Reinvigorating Innovation

On October 22, 2019, Biogen announced that the conclusions from aducanumab’s interim futility analysis were incorrect. The reanalysis of a larger dataset showed that aducanumab was effective in slowing the progression of AD at higher doses. Data released at the Clinical Trials in Alzheimer’s Disease (CTAD) meeting in San Diego in December 2019 clearly strengthened aducanumab’s potential to become the first disease-modifying therapy for AD. This stunning reversal not only resurrected hope for a near-term therapy for AD, it also—perhaps more importantly—reinvigorated innovation supporting next-generation therapies that demonstrate more precise selectivity for AßOs, not Aβ plaque.

At CTAD, Biogen provided additional analyses to support their conclusion: high-dose, long-duration aducanumab exposure can modify the AD process and provide clinical benefit. This conclusion was supported by a distinguished scientific panel of experts who supported Biogen’s analyses, indicating that the efficacy results were clinically meaningful and that aducanumab represents the first treatment targeting the core pathology of AD. The aducanumab data reaffirmed amyloid as the most validated drug development target for AD. However, it also convincingly showed that amyloid plaque reduction is not an adequate explanation for clinical benefit.

When Good Enough is Great

Aducanumab is effective because it offers some binding of AßOs. The reanalysis showed that aducanumab was effective in patients receiving a higher dose (10 mg/kg), suggesting that more drug reached the intended target. However, at this dose, the incidence of adverse ARIA-E (brain swelling) affected 35% of study participants even after attempts to minimize it with drug titration.

These findings underscore the pressing need for an improved therapeutic with precise selectivity for only AßOs, the toxic species of Aß.

Next-generation drug candidates that demonstrate superior selectivity for toxic AßOs should provide greater clinical benefit and safety. Such drugs in development demonstrate a high degree of binding to toxic oligomers without binding to non-toxic forms of Aß, offering the potential to avoid ARIA-E and allow for higher dosing to achieve greater efficacy. Preclinical data demonstrate that next-generation AßO-targeting drug candidates have greater therapeutic potency compared with other Aß-directed antibodies. Moreover, new blood and CSF biomarkers that measure disease progression will expedite clinical trials by dramatically improving the speed and cost-effectiveness of development.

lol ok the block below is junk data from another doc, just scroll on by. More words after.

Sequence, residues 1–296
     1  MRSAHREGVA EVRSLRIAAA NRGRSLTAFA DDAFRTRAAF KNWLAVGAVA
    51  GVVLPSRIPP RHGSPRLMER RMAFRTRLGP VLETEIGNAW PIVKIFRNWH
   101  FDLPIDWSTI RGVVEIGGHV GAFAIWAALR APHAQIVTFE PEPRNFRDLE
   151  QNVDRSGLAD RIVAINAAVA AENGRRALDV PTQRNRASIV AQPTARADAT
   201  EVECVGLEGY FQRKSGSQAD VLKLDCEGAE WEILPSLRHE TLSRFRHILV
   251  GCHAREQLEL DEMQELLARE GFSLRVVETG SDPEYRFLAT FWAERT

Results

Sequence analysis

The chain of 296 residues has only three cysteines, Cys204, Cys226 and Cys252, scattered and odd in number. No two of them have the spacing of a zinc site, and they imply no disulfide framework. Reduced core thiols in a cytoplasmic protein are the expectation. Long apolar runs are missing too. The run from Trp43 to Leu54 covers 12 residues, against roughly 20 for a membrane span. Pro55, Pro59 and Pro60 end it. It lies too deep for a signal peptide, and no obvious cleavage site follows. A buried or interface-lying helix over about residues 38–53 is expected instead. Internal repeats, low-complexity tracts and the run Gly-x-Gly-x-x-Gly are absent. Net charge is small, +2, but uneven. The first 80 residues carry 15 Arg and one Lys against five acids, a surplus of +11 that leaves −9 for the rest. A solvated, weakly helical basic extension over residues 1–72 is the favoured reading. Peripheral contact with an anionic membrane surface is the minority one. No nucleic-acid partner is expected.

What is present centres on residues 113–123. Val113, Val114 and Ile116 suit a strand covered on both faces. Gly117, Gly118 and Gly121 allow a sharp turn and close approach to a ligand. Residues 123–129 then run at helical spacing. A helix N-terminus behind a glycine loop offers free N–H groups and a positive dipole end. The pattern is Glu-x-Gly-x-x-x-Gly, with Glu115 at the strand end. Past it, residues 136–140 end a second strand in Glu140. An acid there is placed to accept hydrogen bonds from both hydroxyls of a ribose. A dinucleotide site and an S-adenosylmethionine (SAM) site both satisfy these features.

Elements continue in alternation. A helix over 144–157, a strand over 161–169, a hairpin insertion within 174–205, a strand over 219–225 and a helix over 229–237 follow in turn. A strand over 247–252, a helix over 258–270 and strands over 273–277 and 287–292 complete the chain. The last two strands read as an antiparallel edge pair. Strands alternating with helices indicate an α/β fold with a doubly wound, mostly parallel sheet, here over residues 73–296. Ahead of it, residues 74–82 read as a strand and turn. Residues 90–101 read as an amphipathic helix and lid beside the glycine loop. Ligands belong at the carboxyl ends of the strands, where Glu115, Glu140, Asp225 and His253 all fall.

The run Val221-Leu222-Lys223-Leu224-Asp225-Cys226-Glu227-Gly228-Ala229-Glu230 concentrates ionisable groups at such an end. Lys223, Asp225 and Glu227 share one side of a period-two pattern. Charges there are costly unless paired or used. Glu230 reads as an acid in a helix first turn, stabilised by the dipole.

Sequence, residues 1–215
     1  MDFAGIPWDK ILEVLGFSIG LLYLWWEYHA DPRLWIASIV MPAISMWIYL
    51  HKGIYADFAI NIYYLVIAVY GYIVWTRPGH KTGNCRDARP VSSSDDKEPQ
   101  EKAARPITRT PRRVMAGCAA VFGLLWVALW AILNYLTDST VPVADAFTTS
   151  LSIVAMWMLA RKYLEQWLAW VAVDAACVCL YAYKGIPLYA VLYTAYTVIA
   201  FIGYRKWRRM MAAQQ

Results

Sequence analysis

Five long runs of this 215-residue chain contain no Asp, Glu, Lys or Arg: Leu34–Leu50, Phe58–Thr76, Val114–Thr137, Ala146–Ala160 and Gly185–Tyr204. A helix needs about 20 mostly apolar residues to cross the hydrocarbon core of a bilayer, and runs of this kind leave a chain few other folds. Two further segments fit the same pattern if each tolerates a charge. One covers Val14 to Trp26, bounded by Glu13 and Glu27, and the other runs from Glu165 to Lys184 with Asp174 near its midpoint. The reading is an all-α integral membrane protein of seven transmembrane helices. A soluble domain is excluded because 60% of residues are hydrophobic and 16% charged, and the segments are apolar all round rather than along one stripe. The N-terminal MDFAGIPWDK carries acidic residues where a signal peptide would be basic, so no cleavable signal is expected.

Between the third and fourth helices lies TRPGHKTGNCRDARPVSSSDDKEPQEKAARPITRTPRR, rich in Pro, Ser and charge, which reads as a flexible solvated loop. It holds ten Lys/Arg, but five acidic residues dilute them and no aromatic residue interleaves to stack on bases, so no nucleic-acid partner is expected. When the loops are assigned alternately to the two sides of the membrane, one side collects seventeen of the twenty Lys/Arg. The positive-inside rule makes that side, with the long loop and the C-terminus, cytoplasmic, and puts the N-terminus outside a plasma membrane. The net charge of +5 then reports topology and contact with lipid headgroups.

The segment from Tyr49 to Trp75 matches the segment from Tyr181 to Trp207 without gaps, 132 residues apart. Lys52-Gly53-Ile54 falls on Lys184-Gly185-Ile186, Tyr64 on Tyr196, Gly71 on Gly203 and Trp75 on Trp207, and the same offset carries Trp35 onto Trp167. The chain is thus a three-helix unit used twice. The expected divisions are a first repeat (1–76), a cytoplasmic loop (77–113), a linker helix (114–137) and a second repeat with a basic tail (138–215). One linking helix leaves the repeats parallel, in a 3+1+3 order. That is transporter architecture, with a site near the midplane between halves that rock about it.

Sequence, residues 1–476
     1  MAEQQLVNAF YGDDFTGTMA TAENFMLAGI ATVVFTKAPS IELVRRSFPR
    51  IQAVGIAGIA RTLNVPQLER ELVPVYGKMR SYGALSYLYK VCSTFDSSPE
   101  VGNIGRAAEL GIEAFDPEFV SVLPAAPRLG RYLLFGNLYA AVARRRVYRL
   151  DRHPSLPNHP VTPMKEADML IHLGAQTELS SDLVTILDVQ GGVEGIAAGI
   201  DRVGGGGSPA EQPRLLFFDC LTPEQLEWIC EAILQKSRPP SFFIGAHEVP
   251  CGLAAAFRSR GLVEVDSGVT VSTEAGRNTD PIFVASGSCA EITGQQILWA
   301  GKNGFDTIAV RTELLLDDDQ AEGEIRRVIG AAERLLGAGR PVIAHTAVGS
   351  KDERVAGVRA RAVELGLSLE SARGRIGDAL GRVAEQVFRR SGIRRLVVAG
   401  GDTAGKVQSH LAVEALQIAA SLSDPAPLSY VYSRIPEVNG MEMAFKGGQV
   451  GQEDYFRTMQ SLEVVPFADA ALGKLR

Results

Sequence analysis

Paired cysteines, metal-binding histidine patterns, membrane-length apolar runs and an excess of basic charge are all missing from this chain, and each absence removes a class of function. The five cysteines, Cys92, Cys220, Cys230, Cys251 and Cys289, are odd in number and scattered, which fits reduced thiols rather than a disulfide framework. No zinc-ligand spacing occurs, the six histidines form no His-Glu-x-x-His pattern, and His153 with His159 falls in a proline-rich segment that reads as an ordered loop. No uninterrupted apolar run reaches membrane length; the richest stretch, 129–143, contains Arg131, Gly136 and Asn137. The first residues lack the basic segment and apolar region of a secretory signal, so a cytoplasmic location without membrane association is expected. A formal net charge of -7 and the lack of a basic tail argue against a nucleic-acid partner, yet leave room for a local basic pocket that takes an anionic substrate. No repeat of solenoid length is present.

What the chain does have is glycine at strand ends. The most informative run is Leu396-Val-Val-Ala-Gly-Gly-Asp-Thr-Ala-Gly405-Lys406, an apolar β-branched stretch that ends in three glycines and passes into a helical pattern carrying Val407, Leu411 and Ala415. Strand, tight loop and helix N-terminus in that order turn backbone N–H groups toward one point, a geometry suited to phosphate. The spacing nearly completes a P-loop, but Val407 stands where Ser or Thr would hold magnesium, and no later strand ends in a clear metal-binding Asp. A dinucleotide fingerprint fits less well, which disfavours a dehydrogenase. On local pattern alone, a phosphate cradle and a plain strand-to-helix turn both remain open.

If approved by the FDA, aducanumab will be the first treatment for AD, emphasizing—once and for all—that removing amyloid from the brain has a beneficial impact. However, its biggest impact on the future of treatment for AD might be its pivotal role in paving the way for next-generation therapies that are safer, more effective, and target AßOs (and only AßOs).

At the end of January 2020, the FDA approved a study for patients formerly enrolled in the phase 3 aducanumab trials. Patients will start receiving the drug again, at the highest tolerated dose, as early as March. Aducanumab’s resurrection has reinvigorated the fight against AD. Its anticipated progress, the promising findings with next-generation AßO-targeted drug candidates, and the emergence of fluid-based biomarkers for rapid and cost-efficient clinical trials have led to a resurgence of both financial investment and enthusiasm in finally making meaningful strides toward a treatment.

At the beginning of a new decade, treatment for AD is marked by genuine promise. While aducanumab will likely be the first drug approved for AD, it will certainly not be the last—or the best.

Disclosure: James Kupiec, MD, is chief medical officer for ProMIS Neurosciences, which is currently developing PMN310, an investigational antibody that binds to neurotoxic Aβ oligomers.